“The Winter Olympics are once again upon us, which means we get to see our favorite cold weather sports unfold over three action-packed weeks of competition at the highest level.
And, of course, we get to watch a bunch of curling.”
Ok. So I’m patriotic and loyal and a devoted sports fan, so I’m “All In” when it comes to watching the Olympics (I watched curling last night!), but someone will have to explain to me why “Curling” is an Olympic sport. Do pray tell. I get that its played on ice. I get that part. But the brush the ice part and the yelling at your teammates part and the whole shuffleboard on ice part is where you lose me. I mean, it just seems like people in cold weather climates got bored to tears so that they began to invent games to keep themselves amused, if not warm.
As I always say, life is like sports and sports are like life. Some things you just can’t explain. They remain a great mystery. For those things that are beyond our grasp, it takes faith. For it is only by faith that we understand the mysteries of life and the mysteries of God.The old saints said it like this; “we’ll understand it better by and by.”
Anyway, here’s a Curling primer so that you (and I) can watch Olympic Curing with some level understanding, if not intelligence.
“If you’re like the majority of Americans, you just don’t get that weird game with the broom and the rock that you slide across the ice to try to hit a target while your teammates yell at you.”
But it doesn’t have to be that way. The Pyeongchang games can be the year you finally understand the basics of this historic and quite challenging, if baffling, sport.
When Did Curling Begin?
Born in Scotland’s dreary winters, the sport of curling dates back to the 16th century.
Considered one of the world’s oldest team sports, early curlers gathered on frozen lochs and ponds to coax 40-plus-pound granite stones across the ice and into a target with the help of what, at least back then, were actual household corn brooms.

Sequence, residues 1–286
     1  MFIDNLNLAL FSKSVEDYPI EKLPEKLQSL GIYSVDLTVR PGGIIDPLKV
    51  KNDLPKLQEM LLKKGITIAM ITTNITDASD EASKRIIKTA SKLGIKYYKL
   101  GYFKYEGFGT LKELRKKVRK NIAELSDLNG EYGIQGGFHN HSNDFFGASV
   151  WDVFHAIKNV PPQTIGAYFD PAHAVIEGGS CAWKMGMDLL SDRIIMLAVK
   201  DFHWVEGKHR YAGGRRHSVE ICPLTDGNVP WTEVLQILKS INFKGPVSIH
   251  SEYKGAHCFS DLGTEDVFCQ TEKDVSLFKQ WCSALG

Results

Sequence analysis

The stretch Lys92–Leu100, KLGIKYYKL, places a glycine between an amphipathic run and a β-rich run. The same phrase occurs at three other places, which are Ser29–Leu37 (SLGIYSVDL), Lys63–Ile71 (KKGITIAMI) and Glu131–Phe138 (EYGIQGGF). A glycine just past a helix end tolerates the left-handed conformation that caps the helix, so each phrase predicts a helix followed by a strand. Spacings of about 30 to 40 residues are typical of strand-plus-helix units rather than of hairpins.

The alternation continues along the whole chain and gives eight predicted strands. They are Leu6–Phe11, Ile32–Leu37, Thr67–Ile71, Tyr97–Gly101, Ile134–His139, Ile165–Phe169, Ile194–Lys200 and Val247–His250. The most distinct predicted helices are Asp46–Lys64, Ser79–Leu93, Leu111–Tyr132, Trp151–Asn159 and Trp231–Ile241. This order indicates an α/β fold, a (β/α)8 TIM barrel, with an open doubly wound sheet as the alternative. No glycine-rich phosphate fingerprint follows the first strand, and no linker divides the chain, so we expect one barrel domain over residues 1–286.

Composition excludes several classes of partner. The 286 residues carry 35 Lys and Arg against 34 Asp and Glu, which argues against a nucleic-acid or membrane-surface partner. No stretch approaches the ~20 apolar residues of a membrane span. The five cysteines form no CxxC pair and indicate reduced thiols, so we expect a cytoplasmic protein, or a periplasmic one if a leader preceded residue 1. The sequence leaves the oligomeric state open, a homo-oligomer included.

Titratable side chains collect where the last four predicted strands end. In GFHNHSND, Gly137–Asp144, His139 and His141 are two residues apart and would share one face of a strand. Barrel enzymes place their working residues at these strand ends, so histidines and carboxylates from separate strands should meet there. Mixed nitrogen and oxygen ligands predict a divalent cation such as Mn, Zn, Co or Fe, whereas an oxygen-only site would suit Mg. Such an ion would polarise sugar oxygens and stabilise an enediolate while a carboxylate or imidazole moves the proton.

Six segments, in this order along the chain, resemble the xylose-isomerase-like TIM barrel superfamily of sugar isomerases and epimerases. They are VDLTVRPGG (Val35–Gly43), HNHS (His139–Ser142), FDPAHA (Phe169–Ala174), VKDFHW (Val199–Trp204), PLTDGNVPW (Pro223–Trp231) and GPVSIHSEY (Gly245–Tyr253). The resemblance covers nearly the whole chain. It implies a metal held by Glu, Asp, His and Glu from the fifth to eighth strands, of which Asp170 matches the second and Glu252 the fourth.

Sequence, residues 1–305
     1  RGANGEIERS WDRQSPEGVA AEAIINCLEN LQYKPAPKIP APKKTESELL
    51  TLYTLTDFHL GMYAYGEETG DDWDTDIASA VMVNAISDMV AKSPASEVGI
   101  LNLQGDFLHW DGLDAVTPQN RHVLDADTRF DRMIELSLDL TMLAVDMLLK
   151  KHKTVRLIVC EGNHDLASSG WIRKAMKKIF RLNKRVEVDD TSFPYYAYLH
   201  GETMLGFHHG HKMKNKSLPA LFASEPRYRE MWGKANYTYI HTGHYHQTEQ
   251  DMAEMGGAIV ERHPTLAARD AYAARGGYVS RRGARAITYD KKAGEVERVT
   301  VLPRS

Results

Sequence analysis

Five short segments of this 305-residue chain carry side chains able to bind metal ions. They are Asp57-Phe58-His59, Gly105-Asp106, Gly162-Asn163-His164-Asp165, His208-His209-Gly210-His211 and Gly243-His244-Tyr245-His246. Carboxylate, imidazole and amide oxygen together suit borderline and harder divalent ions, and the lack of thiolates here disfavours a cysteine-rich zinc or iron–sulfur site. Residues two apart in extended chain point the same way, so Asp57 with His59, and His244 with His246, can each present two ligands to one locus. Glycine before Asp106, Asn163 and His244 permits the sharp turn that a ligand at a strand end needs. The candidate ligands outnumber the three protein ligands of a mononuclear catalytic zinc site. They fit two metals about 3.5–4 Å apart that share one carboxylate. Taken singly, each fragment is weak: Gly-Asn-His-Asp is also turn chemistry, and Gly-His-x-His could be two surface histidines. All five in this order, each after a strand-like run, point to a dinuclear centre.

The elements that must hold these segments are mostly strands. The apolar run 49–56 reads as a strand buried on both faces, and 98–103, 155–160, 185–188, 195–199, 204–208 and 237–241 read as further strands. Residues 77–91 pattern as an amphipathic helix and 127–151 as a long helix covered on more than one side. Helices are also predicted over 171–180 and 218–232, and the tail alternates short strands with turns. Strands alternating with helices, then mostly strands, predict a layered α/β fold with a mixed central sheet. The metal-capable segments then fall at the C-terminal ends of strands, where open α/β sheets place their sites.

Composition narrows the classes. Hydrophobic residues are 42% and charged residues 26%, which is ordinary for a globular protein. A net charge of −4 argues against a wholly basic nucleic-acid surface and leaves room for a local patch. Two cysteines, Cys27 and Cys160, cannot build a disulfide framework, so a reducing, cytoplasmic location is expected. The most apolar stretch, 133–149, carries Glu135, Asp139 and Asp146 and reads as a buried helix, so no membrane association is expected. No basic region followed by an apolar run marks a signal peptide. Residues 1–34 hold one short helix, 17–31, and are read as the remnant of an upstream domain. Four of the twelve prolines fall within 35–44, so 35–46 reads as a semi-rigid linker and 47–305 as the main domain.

As Scots dispersed across the globe to places like Canada, the United States, Sweden, Switzerland, Norway and New Zealand in the 19th century, they took the game with them. And as the game went international, its rules and implements became more fine-tuned.
Who Can Play?
The curlers themselves also became progressively more elite. While just about anyone can acquire the skills to play at a moderate level, veteran curler Dean Gemmell from New Jersey’s Plainfield Curling Club told InsideEdition.com that to be an Olympian — as with most athletes — curlers must start young and train hard.
“You have to be able to put the stones in the right place with some physical capability,” Dean said. “Most high-level curlers nowadays you’ll see are extremely fit.”
What’s That Broom For?
Corn brooms have given way to push brooms, which have since been replaced by the nylon sweepers with swiveling heads and fiberglass handles that you see today’s curlers using to laboriously slick path toward their circular target, or “house.”
The stone itself is 44 pounds of good, old-fashioned granite culled straight from the earth. The world’s best curling stones are cut from rock that comes from just one spot on Earth: a tiny hunk of land in the waters off Scotland called Ailsa Craig.
So How Does It Work?
The thrower starts in the “hack,” or foothold at the end opposite the house. Using a broom for balance in one hand, the thrower glides out of the hack and lets the stone glide away from the other hand at the perfect moment.
As the stone moves toward the house, the thrower wants its path to curve or “curl” toward the target, hence the name of the game.” http://ftpcontent.worldnow.com/kfmb/syndication/inside/183214.html
There; that should get you started. And if anyone wants to explain how this game turned “sport” rose to the level of Olympic competition, please do chime in.